These are exciting times in oncology. Over the past 2 decades, we have made remarkable progress in our understanding of the molecular and cellular processes involved in cancer progression.
These are exciting times in oncology. Over the past 2 decades, we have made remarkable progress in our understanding of the molecular and cellular processes involved in cancer progression. Along the way, we've seen some profound advances in the diagnosis and treatment of cancer. Nonetheless, the development of new cancer drugs is largely an inefficient and costly process, which has resulted in depressing approval rates and a pipeline clogged with failed compounds and billions of wasted dollars.
Although success rates vary considerably within the pharmaceutical industry, oncology drugs have the highest failure rates among the various therapeutic areas. For instance, about 20% of cardiology drugs succeed, whereas only about 5% of new oncology compounds go from first-in-human trial to FDA approval. In non-small-cell lung cancer alone, between 1990 and 2005, a total of 1,631 new drugs were studied in phase II. Only seven of these new agents gained FDA approval.
For balance, it's worth noting that oncology drugs are attacking disease entities of enormous complexity, and FDA standards for approvalwith good reasonare increasingly more demanding. That said, the high attrition rate in drug development becomes more alarming when we realize that the cost of discovering and developing a new drug can be as much as $900 million.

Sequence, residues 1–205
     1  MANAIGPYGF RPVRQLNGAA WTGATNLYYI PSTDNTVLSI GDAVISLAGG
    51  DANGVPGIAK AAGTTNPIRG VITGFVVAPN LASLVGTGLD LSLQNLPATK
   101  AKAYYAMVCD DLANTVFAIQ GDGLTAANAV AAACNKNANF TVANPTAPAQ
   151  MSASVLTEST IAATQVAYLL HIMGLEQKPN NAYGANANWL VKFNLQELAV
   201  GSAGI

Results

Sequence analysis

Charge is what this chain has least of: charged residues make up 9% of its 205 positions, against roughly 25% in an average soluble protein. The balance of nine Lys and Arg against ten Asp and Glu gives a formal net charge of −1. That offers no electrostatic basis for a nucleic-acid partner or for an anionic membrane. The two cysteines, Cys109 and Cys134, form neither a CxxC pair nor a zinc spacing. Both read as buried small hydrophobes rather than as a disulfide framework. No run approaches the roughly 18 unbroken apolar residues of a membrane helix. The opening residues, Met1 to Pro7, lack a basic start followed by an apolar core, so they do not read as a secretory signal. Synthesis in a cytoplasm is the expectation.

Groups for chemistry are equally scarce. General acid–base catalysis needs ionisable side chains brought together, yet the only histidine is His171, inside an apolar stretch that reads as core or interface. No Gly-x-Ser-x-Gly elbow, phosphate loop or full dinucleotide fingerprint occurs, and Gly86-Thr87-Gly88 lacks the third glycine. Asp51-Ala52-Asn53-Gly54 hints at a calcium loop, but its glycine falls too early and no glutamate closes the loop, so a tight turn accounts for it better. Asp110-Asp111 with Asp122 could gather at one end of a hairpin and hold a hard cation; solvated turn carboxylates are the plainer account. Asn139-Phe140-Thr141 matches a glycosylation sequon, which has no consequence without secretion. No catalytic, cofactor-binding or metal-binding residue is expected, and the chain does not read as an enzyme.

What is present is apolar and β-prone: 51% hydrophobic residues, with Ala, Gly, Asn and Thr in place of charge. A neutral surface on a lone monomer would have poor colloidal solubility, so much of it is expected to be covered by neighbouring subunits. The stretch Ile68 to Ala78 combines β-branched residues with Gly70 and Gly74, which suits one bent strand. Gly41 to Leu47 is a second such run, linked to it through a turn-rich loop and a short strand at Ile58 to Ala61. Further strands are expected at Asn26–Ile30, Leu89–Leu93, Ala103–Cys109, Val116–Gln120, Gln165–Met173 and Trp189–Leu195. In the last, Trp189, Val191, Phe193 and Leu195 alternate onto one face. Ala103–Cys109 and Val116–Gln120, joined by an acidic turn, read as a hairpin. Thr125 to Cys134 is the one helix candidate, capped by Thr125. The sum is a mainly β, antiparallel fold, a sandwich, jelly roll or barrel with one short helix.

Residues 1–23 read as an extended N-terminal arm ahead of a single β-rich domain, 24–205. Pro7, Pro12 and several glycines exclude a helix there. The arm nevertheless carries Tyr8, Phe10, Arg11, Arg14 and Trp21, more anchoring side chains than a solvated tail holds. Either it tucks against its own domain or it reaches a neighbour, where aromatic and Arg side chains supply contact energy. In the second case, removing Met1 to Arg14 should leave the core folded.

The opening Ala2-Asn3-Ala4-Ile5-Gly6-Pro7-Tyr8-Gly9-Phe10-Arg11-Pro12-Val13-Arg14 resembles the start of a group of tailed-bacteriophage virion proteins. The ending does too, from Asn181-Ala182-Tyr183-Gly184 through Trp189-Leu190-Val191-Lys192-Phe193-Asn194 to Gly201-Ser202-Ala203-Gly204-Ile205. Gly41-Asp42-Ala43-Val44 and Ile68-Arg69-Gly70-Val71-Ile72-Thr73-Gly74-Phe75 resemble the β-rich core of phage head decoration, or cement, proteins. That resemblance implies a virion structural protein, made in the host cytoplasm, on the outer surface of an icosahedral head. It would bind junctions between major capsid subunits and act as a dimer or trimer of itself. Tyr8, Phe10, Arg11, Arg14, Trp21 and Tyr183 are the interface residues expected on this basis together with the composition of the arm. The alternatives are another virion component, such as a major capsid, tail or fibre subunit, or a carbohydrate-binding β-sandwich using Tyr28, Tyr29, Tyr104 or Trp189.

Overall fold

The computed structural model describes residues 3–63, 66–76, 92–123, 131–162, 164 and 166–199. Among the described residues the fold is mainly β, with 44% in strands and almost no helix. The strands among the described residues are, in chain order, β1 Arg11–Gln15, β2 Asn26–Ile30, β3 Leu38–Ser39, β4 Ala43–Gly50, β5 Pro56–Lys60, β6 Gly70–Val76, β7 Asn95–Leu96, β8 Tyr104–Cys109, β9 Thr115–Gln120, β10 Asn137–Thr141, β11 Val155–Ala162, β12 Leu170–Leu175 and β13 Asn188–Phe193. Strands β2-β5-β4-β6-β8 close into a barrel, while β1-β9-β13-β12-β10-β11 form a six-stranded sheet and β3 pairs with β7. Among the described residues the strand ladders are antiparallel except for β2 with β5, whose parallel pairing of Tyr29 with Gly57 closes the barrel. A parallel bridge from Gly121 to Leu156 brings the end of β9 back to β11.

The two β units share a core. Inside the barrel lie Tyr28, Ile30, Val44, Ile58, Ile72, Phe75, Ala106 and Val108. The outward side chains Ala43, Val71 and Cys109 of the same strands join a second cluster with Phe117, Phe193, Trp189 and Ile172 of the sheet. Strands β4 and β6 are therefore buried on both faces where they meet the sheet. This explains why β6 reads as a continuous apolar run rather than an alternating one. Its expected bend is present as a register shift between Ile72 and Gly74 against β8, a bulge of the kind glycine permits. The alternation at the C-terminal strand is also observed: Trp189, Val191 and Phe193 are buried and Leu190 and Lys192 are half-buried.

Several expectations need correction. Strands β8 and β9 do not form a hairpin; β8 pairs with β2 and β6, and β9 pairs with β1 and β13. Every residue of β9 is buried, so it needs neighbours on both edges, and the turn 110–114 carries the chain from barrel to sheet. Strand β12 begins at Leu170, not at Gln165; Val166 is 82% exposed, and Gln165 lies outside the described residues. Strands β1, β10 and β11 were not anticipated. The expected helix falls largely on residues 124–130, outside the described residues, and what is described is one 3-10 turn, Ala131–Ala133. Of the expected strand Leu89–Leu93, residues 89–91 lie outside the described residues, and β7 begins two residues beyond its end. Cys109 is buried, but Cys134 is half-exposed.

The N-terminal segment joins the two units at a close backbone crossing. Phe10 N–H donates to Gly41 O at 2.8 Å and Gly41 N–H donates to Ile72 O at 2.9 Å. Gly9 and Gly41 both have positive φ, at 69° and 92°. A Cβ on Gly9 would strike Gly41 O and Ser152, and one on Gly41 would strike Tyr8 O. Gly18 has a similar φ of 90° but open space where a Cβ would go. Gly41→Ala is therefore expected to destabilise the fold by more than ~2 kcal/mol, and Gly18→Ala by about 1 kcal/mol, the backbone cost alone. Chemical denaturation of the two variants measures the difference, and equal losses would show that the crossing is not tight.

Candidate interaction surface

Moreover, the vast majority of failure occurs late in the pipeline, in phase II and III. A failure at phase III is particularly painful. We lose not only the hope of a promising new compound but also precious capital expenditure. This failure rate is unacceptable, and we are part of the problem, not part of the solution.
We have learned that using response rate alone in small-sample phase II trials is not terribly meaningful. Then we jump to phase III studies based on historic controls that we know can be terribly misleading. A better endpoint in phase II studies would be progression-free survivaleven with all its limitations. But more important, we're currently accepting a 30% rate of improvement in a phase II randomized trial as justification to move to phase III.
Drug development is a high-stakes game; modest results are simply not good enough30% improvement in phase II doesn't translate into 30% improvement in phase III. It translates into an unacceptably high rate of failure.
We must make a concerted effort to set the bar higher and design trials for success, not failure. We need to abandon the current oncology paradigms for phase I and II clinical trials and adopt a principle that requires larger trials with bettervalidated preclinical targets. Raising our standards in early trials will lead to higher success in phase III, thereby facilitating a more fluid translation of promising scientific advances into cost-effective therapies for our cancer patients.